Fighting off the Sandman is no easy task.
The struggle can be particularly grueling for the 157,000
Americans who suffer from narcolepsy. More than 10,000 have
turned to Xyrem in an attempt to win that battle.
The drug has delivered stellar revenue growth forJazz
). In Q1, sales of Xyrem soared by 60% from the prior year
quarter to $117.5 million. Although it is not the only drug in
Jazz's arsenal, it did account for 65.7% of product sales.
Jazz has a portfolio of drugs that target conditions including
obsessive compulsive disorder and schizophrenia. Its No. 2
seller, Erwinaze, is used in the treatment of childhood
To augment the growth from Xyrem sales, Jazz has been
proactive on the M&A front. At the start of last year, the
company merged with Azur Pharma in a $576.5 million all-stock
transaction. The deal resulted in the company becoming a tax
resident of Ireland with headquarters in Dublin.
Degree Of Diversity
Jazz followed that move with a $678.4 cash purchase of EUSA
Pharma in June 2012. That transaction added Erwinaze to the
company's lineup. Both acquisitions have brought an added degree
of diversity to the company's earnings composition.
Last month, Jazz announced a 54% jump in Q1 adjusted diluted
EPS when compared to the year-ago quarter. The uptrend was
powered by a 91% pop in total revenue.
The company's CEO, Bruce Cozadd, highlighted volume gains in a
conference call discussing the results. "Xyrem remains a key
driver of our growth," he said. "In the first quarter of 2013, we
were pleased to achieve 15% volume growth compared with the same
period of 2012. The average number of active Xyrem patients grew
to approximately 10,550 compared to 9,500 in the same period of
The profit growth that has resulted from Xyrem sales has also
put a charge into the company's stock price. Shares of Jazz have
rallied 31.1% so far this year and are up 61.1% over the last 52
The path of expansion at Jazz is expected to continue. The
consensus among analysts is that the company will generate EPS
growth of 28% on a 45% increase in sales for its full-year
results. Next year, Wall Street is calling for the company to
check in with a 22% rise in EPS and an 19% spike in sales.
These estimates reflect favorably upon the outlook for gains
from existing products. "There is visibility into strong
double-digit top line growth for both Xyrem and Erwinaze, in our
view," said Irina Rivkind, an analyst for Cantor Fitzgerald.
"This is coupled with significant operating leverage."
Xyrem will be called upon to do much of the heavy lifting in
the quarters that lie ahead. "We believe that Xyrem will comprise
over 70% of the company's revenues over time based on modest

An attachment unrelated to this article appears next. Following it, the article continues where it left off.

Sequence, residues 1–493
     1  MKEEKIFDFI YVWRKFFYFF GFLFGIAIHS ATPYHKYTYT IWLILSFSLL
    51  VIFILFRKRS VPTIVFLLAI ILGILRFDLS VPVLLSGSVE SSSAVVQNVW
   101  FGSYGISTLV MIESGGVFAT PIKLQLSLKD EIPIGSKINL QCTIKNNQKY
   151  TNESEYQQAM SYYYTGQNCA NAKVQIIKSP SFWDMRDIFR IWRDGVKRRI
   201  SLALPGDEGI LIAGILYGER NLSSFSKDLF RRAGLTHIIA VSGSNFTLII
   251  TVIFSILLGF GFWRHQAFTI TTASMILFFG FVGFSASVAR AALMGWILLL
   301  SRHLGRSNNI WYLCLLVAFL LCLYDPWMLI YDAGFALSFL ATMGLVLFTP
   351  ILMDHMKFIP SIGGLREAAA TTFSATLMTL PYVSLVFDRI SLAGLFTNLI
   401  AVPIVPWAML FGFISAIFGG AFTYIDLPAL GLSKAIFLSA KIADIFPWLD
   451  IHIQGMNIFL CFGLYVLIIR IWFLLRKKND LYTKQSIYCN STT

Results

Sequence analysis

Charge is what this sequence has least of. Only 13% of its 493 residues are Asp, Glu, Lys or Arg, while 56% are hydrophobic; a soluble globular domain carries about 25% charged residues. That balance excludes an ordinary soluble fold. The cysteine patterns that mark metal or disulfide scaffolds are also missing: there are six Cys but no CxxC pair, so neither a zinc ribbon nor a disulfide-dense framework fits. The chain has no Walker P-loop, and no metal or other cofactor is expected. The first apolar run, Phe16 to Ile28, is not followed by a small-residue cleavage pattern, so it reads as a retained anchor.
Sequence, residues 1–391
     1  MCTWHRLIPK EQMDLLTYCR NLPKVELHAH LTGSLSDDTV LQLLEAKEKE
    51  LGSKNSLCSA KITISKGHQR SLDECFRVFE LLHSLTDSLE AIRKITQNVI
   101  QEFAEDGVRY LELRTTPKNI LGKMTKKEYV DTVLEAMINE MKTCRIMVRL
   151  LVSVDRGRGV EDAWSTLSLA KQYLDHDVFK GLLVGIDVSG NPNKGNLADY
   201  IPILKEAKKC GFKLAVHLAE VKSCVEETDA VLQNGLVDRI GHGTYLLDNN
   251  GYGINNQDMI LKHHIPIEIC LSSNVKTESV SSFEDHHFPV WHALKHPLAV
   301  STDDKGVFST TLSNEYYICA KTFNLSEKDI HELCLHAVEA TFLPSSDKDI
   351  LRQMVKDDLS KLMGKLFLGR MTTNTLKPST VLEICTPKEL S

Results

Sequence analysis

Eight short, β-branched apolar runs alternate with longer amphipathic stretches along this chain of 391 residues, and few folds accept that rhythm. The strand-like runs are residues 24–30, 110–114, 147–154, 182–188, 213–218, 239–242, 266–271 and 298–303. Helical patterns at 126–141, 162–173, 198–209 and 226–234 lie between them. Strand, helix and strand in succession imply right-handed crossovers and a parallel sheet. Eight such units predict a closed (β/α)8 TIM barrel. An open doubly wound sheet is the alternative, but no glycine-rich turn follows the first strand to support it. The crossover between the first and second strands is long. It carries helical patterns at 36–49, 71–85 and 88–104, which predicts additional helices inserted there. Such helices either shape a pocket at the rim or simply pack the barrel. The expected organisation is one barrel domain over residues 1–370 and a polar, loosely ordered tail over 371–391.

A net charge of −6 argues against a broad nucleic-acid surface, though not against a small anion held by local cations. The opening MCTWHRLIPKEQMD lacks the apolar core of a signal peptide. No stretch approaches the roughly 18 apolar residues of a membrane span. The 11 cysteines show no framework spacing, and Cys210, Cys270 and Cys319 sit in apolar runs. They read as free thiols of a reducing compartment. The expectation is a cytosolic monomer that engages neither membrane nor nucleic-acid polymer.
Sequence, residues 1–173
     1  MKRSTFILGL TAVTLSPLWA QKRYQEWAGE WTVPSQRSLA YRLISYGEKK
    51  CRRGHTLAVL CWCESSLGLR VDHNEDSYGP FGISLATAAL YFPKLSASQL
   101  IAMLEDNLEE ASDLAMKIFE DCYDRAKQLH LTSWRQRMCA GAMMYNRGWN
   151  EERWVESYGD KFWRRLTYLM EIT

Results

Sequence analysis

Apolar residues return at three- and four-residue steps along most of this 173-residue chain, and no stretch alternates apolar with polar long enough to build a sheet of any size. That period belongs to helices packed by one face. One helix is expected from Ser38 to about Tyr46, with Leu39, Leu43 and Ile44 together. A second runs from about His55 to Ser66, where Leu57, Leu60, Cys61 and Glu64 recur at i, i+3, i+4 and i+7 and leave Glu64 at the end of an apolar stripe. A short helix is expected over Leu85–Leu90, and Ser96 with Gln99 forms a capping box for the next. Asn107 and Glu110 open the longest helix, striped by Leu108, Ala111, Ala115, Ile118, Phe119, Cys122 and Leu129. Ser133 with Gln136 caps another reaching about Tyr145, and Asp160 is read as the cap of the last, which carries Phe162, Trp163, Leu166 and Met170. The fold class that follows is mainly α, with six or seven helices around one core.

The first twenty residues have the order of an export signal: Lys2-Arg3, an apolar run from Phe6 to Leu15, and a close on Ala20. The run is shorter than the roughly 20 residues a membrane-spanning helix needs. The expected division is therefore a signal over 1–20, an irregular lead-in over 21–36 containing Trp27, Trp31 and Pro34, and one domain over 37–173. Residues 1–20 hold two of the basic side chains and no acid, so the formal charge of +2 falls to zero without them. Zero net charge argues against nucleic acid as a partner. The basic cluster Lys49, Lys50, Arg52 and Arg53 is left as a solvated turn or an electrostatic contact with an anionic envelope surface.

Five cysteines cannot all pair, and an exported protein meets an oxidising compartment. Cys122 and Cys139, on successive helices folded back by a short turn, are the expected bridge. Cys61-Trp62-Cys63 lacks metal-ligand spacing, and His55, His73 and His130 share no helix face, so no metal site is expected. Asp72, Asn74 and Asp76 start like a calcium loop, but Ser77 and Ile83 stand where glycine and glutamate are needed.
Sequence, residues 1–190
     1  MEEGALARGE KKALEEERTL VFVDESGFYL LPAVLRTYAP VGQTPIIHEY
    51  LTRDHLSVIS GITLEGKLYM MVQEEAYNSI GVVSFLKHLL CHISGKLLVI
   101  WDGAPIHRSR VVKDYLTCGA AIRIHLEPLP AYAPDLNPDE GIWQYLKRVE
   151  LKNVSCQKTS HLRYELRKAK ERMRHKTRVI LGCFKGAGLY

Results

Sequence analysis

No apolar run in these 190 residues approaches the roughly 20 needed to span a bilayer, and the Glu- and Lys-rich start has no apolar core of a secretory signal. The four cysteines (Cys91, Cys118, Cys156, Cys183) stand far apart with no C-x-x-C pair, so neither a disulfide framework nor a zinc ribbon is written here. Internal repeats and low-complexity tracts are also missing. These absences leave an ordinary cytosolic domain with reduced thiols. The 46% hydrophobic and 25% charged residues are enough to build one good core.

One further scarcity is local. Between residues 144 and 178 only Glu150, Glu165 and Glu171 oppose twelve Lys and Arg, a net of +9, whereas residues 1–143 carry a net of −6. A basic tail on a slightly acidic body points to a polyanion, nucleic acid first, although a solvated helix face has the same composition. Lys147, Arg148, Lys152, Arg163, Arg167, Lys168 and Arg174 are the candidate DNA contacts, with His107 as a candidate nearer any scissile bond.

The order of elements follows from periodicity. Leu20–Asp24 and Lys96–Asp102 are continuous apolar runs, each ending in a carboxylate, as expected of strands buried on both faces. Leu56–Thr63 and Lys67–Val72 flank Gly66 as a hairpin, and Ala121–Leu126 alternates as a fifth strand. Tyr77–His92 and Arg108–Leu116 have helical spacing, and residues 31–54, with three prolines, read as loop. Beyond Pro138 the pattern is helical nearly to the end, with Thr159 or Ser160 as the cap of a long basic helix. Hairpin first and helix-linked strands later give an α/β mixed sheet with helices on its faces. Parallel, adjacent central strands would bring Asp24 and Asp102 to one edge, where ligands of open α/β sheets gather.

volume growth and pricing assumptions," Rivkind said. "If Jazz
acquires other assets then this percent contribution could be
Over the long term, Xyrem may have more upside than what the
market is expecting. "I feel that the sustainability of Xyrem
sales is probably underappreciated," said Louise Chen, an analyst
for Guggenheim Partners. "I think that people feel that generic
competition for the product is imminent, and I don't think that's
Chen believes Jazz's low average tax rate may appeal to
suitors. "They have a very smart and nimble management team," she
said. "They've thought a lot about the future growth of the
company. They've gone and got a lower tax rate now, which makes
them more competitive and also makes them a potential acquisition
target in a consolidating space."
To keep its growth prospects intact, Jazz has led a vigorous
defense against the potential for generic competition. Roxane
Laboratories and Amneal Pharmaceuticals have both submitted
applications with the Food and Drug Administration seeking to
market generic versions of Xyrem.
Jazz, in turn, has sought permanent injunctions to prevent the
companies from infringing on its patents.
It could be some time before a generic alternative makes it to
market. "We continue to believe that a settlement is the most
likely outcome," wrote Ken Cacciatore, an analyst for Cowen and
Co., in a May 8 research report. "Any agreement, given the
complexities of the patents and the regulatory hurdles, would be
for a generic to launch at the earliest in 2018 or beyond."
Legal measures are just one component of Jazz's strategy to
protect its Xyrem platform. The company has also been proactive
with its research and development efforts.
In February, Jazz announced a licensing agreement with Concert
Pharmaceuticals aimed at developing an enhanced version of the
"In essence this product would make the twice-nightly Xyrem
into a once-nightly formulation," Cacciatore wrote. "Assuming
that the drug enters Phase II in 2014, we would anticipate likely
clinical trials in 2015, with an approval in 2015-2016, which
should be sufficient to transition the franchise ahead of generic